Family Law FAQ’s
1. I was laid off because of coronavirus. Do I still have to pay child support?
Yes. The coronavirus has led to a historic number of unemployment claims. While you may be able to seek a modification of your child support order due to your decreased income, your current order will remain in effect until you modify it. There may be ways that you can maximize your income in the meantime, such as applying for expanded unemployment benefits available under the CARES Act.
2. How are stimulus checks divided between spouses who are getting a divorce or just got divorced?
Couples who filed married filing jointly may receive up to $2,400 in the current economic stimulus payment structure if they do not exceed certain income thresholds and meet other requirements. If you have not yet gotten divorced, you may want to include instructions in your agreement about splitting up these funds. The $500/dependent check will go to the parent who claims the child on their income tax return.
3. Do we have to follow the parenting plan if we agree to other terms during the coronavirus?
Parenting plans are designed to be flexible while providing consistency for children. Many of them contain provisions about making changes as circumstances change, such as the parents must make these changes in writing or that they should use the mediation process to resolve differences. If you use mediation to reach a new agreement, you can present this agreement to the court to make a formal modification of your order.
4. Is my parenting plan still in effect during coronavirus social distancing?
Yes. Parenting plans and other court orders are still in effect during the pandemic. You may want to make slight adjustments in how you interact with the other parent to adhere to social distancing guidelines, such as not coming in close contact during exchanges.
5. I share parenting time with my ex equally. I am at high risk for coronavirus, but my ex is not following CDC guidelines. What can I do?
If you believe that your ex may jeopardize your health, you may be able to talk to him or her first to express your concerns. Mediation can allow you to have better communication with your ex and allow you to present your concerns respectfully. Through the guided assistance of an experienced family mediator, you may be able to make changes to your plan that meet both of your needs while focusing on the best interests of your child.
6. We have equal parenting time.I am concerned my ex is not following safety protocol during their parenting time. Can I file something with the courtto make them comply?
While you may be able to file a petition to modify your parenting plan, Indiana courts are largely working on a remote basis and are phasing in non-emergency cases. However, you may experience delays due to COVID-19. It may be possible to modify your plan with your ex through the process of mediation until you can make a formal charge with the court.
7. I have primary custody and live in Columbia City. Their father gets the kids when school is out. Since school is currently not in session in Columbia City,does he get them now?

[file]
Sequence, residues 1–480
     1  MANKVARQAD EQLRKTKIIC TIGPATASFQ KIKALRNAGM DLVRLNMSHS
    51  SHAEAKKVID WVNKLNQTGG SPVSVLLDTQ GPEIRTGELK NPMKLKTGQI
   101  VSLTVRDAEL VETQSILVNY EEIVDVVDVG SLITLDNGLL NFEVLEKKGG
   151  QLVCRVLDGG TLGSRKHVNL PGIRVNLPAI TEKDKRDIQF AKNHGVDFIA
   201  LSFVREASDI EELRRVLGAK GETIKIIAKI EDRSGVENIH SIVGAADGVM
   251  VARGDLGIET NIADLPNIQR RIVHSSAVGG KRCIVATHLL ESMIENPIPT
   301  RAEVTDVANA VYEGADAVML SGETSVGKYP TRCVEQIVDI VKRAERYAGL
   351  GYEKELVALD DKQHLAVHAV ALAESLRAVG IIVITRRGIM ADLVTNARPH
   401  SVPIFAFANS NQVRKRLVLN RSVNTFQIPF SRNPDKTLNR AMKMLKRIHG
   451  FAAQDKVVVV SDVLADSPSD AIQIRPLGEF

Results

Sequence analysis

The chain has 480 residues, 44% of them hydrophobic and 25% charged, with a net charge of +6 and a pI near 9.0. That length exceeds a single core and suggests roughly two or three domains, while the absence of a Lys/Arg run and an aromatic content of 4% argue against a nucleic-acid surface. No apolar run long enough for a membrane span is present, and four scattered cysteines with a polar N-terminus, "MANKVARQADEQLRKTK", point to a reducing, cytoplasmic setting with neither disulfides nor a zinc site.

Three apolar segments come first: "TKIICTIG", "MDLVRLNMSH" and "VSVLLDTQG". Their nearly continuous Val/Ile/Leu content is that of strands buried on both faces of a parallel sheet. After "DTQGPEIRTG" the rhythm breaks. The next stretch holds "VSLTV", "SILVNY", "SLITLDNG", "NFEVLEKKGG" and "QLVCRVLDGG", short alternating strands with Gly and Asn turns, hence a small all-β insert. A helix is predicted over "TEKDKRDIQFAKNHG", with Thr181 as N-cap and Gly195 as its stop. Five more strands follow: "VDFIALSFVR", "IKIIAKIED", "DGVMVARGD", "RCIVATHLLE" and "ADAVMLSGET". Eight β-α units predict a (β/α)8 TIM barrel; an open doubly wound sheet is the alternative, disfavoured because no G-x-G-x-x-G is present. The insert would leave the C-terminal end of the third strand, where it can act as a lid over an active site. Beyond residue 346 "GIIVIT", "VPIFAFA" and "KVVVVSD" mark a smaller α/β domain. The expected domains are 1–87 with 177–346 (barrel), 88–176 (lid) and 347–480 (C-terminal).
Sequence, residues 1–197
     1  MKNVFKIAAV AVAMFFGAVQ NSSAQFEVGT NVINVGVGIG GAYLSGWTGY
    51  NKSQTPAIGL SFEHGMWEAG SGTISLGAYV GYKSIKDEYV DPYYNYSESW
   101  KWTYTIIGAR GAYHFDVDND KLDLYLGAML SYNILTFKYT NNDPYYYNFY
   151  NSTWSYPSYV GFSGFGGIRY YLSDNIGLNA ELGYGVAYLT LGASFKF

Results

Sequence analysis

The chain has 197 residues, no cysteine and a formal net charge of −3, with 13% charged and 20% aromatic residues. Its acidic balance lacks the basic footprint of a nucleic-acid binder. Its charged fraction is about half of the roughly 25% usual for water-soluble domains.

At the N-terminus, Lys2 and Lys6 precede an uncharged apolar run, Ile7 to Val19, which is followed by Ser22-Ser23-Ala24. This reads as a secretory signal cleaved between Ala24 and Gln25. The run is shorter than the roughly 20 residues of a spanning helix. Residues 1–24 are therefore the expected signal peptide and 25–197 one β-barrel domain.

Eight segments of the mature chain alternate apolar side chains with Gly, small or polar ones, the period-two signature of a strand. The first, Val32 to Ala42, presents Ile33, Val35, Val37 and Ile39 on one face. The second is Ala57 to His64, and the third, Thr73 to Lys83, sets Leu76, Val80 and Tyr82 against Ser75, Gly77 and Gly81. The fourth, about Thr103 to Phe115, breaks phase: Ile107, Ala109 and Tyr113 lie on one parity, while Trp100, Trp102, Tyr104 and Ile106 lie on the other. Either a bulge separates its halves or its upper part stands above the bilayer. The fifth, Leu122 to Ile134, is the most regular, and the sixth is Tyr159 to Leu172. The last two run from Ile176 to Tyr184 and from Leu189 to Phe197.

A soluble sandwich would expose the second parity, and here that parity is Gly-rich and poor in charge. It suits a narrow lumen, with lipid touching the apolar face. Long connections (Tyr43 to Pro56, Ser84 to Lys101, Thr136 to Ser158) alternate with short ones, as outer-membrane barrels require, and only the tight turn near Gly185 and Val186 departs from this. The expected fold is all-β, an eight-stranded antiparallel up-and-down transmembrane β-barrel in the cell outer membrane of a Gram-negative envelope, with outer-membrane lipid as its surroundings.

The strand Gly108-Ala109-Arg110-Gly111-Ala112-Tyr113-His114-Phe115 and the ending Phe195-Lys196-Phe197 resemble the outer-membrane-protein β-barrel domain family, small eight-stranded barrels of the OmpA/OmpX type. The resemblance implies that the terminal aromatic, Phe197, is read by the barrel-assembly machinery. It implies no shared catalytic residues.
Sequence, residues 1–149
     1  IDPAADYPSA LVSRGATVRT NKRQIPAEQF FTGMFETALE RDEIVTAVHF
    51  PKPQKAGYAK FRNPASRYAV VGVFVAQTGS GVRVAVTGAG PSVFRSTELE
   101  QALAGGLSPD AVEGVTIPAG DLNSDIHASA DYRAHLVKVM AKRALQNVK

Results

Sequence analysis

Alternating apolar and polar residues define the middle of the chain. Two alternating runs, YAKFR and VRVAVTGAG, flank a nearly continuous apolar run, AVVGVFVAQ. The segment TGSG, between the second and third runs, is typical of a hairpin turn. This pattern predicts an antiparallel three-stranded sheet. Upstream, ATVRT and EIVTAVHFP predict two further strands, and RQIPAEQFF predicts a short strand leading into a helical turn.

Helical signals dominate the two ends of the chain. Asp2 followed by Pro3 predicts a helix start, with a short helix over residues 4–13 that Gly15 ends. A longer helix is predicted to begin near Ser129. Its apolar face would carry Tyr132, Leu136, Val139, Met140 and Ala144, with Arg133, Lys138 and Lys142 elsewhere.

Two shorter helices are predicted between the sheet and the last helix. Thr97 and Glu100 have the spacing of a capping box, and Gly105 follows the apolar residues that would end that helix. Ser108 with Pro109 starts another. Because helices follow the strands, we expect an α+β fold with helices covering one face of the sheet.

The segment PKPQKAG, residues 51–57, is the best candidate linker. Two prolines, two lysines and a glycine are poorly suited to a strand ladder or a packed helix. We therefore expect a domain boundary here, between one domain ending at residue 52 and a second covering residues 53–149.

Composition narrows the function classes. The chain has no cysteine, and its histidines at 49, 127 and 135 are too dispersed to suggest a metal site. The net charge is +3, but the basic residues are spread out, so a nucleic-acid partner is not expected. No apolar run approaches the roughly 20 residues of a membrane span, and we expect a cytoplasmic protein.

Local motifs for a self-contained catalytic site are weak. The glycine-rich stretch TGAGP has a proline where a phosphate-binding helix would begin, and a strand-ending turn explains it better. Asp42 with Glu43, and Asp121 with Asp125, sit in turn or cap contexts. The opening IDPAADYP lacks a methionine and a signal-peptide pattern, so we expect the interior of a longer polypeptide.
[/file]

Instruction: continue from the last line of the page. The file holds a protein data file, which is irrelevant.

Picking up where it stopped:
Check the particular language of your parenting plan to see if there are provisions that address this situation. While school may be physical “out,” most schools are conducting distance learning, so the school schedule may need to be followed if there is no language to the contrary. However, if your child finishes assignments early, you and your ex may be able to work out an alternative plan for parenting time.
8. I am an unmarried father and have a written parenting agreement to share 50-50 parenting time with my ex. She said she is not going to let me see my son during coronavirus. Can she do that?
The coronavirus pandemic has created a lot of unease. Many parents are grappling with what they should do to protect their children during a global health crisis while also honoring court orders. Others may be taking advantage of the situation to get the amount of parenting time they want. It is important to work together with your spouse. Mediation may be able to help you resolve this problem without having to resort to litigation.
9. What can I do if my ex refuses to let me see my kids because of COVID-19?
The first thing that you should do is to try to communicate with your ex. Provide a written request to see your child and outline when your parenting time was not provided. You may also want to consider mediating the matter so that the problem can be resolved more quickly than it would if a court date had to be scheduled.
10. How can we safely handle exchanges with social distancing? How will supervised visitations be affected?
Check with the court on how supervised visitations are occurring. You may need to make alternative arrangements if an organization assists with these visits and they are closed due to the pandemic. You may be able to conduct your visit over phone calls or videoconferencing.
You can take protective measures to make exchanges safer by limiting contact with the other parent and minimizing the number of people who show up for exchanges. You should also avoid sharing your child’s items during this time, if possible.
11. Will grandparents lose court-ordered visitation because of coronavirus?
Court orders are still effective during the pandemic. However, if you are in a high-risk group, you may want to make alternative arrangements during this time, such as postponing visitation or conducting visitation over the phone or videoconferencing. Mediation may be able to help you and the parent reach an agreeable solution.